At the height of Star Trek's popularity in the 1990s, Star Trek: Deep Space Nine had the unfair distinction of being the middle child, stuck between the end of Star Trek: The Next Generation and the beginning of Star Trek: Voyager, and the show suffered from a lack of fan support. But was that the reason it ''failed'' compared to TNG and Voyager?
Actress Nana Visitor, who played DS9's Bajoran liaison officer, Major (later Commander) Kyra Nerys on the series for seven seasons, explained to Trek Core why Star Trek: Deep Space Nine got a harder time from the fans and whether airing alongside Next Gen and Voyager harmed the series:
I don't know. I know that it wasn't what the Star Trek fandom as a whole wanted to see. It was dark, and I think that was our problem. More than being the middle child, I think it was just a very different take on Star Trek.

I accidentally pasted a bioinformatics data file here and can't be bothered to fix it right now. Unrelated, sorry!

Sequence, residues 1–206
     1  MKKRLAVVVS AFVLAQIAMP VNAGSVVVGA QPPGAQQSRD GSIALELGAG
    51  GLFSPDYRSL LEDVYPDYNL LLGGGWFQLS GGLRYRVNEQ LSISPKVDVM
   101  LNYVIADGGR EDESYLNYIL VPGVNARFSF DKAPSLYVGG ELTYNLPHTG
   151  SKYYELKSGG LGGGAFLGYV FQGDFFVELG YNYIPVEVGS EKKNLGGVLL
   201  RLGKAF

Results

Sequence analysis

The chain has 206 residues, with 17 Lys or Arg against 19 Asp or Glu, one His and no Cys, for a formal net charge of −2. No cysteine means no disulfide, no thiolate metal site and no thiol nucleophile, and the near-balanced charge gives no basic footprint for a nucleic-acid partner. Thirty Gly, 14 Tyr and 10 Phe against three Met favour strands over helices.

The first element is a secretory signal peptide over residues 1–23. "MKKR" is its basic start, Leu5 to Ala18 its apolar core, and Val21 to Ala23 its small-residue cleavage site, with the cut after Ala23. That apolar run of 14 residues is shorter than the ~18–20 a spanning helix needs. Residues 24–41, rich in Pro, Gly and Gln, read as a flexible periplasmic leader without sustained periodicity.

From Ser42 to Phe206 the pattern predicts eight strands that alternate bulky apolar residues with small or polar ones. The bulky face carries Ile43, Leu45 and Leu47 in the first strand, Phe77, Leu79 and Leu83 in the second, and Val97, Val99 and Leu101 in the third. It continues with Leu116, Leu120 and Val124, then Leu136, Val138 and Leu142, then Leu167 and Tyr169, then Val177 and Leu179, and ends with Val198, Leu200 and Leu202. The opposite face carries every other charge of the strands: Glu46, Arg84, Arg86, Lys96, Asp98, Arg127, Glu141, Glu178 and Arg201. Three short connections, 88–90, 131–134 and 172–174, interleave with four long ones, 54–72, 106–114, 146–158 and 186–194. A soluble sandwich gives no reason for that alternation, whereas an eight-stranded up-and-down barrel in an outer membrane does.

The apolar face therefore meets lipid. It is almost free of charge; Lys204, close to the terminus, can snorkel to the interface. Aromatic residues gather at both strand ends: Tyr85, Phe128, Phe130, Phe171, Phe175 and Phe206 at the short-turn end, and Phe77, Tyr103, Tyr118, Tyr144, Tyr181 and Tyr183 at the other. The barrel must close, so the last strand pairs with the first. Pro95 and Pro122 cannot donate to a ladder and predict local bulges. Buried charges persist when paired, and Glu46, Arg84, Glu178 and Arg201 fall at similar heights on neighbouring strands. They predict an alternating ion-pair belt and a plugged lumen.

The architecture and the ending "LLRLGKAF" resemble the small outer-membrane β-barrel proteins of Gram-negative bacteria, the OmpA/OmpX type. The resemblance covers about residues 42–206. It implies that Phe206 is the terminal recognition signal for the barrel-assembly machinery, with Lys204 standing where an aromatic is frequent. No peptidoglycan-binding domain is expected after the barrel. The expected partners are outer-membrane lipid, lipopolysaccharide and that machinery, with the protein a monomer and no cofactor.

When asked if the actress thought DS9 was unfairly maligned, aka whether she thought the series was the black sheep of the Star Trek family (although it paved the way for other amazing shows, like Battlestar Galactica, which were huge successes), the actress said:
I do, but when I catch bits of episodes, I go "You know what, it has staying power." Armin and I used to say on the set — when people would say "You know, I don't know if I really like this." — we'd go "You know what, in ten years people will get it." And I think even ten years from now, people will get the show.
Do you agree with Nana Visitor? Do you believe that Star Trek: Deep Space Nine is now finally better understood nearly 20 years on?